Not really.





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Thursday, 15 February 2018

Fanfiction and TPTB

Fanfiction and TPTB

Today is International Fanworks Day, aka the day to celebrate fandom in all its geekish finery. So I'm going to talk about fanfiction and, more specifically, its relationship with TPTB - The Powers That Be. Those who create or own the work can often feel threatened by the existence of fanfiction, and over the years many have attempted to ban transformative works based on their creations. Of course, that's a thankless and nigh impossible task, so these days more and more creators are embracing fandom.

For one thing they're more likely to know what fandom is and what it's all about and, correspondingly, they're also much more aware of how an active fandom can benefit their brand and their own ability to make money from their creative work. Because fanfiction has come a long way since I first stumbled across it some 20 years ago. Back then there was real fear - justified fear, at that - that your uncool hobby could bring the legal might of big name authors, TV companies, and more down upon your broke ass self.

Today fan loyalty is rightly recognised as the vital ingredient for success that money just can't buy.

(Note: this post focuses on authors and actors portraying characters - rather than the subjects of RPF (Real Person Fiction) because it's one thing for people to be writing about something you created, and another for people to just be writing about you.)



Let's just say it - some creators are against fanfic. Really really against it.

Anne Rice on fanfiction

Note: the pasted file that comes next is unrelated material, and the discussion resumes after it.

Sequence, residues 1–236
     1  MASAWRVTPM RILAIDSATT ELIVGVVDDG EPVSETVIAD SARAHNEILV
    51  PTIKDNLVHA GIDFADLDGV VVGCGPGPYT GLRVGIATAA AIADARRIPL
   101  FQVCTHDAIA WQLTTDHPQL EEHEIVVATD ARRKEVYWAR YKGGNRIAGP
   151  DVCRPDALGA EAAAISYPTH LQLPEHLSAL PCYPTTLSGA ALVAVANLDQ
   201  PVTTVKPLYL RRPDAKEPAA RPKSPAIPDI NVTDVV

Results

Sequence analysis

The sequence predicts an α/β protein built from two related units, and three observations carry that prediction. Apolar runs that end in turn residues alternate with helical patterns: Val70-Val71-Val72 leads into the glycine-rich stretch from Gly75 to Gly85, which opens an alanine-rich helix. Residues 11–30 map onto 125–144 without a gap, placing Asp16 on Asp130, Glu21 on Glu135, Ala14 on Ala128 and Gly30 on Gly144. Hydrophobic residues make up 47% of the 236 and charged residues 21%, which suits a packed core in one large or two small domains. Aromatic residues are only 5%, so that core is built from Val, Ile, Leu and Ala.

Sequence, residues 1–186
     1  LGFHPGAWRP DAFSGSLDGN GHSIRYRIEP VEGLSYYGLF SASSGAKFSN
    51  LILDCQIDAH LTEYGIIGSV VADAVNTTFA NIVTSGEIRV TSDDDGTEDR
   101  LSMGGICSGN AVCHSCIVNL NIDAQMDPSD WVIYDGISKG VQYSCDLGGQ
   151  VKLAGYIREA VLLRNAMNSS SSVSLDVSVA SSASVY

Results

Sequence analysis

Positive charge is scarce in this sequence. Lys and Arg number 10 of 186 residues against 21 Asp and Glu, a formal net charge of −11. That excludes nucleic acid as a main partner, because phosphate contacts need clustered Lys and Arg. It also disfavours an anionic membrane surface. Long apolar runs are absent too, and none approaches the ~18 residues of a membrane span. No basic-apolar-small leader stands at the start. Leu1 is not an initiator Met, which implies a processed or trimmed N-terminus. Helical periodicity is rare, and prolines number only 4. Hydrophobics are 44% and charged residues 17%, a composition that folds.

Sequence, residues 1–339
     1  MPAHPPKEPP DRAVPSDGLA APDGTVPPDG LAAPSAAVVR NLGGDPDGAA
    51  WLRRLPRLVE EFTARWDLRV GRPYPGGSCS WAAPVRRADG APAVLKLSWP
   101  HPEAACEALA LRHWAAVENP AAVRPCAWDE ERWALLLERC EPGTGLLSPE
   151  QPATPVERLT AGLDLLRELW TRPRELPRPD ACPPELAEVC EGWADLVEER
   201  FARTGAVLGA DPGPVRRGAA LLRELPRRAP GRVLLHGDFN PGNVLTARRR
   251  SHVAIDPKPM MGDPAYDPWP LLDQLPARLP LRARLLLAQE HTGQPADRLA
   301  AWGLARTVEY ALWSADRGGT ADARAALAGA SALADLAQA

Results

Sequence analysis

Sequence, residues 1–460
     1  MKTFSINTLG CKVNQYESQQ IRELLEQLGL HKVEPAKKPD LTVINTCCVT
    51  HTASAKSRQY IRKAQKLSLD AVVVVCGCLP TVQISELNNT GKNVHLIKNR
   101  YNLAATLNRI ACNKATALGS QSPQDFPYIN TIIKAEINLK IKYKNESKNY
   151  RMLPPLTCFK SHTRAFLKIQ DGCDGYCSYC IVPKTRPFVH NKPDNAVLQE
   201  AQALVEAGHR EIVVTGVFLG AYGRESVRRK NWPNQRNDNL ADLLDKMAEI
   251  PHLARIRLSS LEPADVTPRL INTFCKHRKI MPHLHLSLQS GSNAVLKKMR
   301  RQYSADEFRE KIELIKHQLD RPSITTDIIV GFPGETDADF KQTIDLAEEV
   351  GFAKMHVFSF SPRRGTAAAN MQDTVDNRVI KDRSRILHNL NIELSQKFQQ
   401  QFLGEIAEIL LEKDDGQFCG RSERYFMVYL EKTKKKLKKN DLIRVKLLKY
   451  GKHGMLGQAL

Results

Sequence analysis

Anne Rice, author of the Vampire Chronicles series, is renowned in fandom circles for her, er, enthusiastic insistence that there is only one way to interpret her work: her way. Not content with formal cease and desist letters, Rice personally harassed fan authors to get work taken down in the early 2000s, and infamously attacked those who dared to leave negative reviews of the Blood Canticle on Amazon, claiming that they had used the site as a 'public urinal' and, still worse, were 'interrogating the text from the wrong perspective.'

Diana Gabaldon on fanfiction

Diana Gabaldon, known for the Outlander book series, is perhaps even more zealous about ensuring that nobody tampers with her creative vision. In 2008 Gabaldon wrote: "A good bit of my objection to fanfic ... is that 99% of it is Just Awful, and it's revolting to see your characters being made to do and say idiotic things, or be forced to enact simple-minded sex fantasies (which is what most fan-fic that comes to my unwilling attention is). Like someone selling your children into white slavery." Seeing as she willingly admits that the main male character of her book, forced to enact multiple simple-minded sex fantasies, is basically poor Jamie McCrimmon from Dr. Who it's hard not to see this as one of those cases of pot, kettle, and black...

Although few take it to such extremes, plenty of authors are explicitly against fanfiction - either from a moral standpoint or because they believe it invalidates their copyright. These range from big names like G.R.R. Martin to people who probably ought to know better - e.g. a writer of tie-in novels who believes fanfic is 'the equivalent of stealing someone else's work and putting your own name on it' while making a living writing tie-in novels for TV shows. However as times change increasing numbers of authors are actively embracing transformative fandom.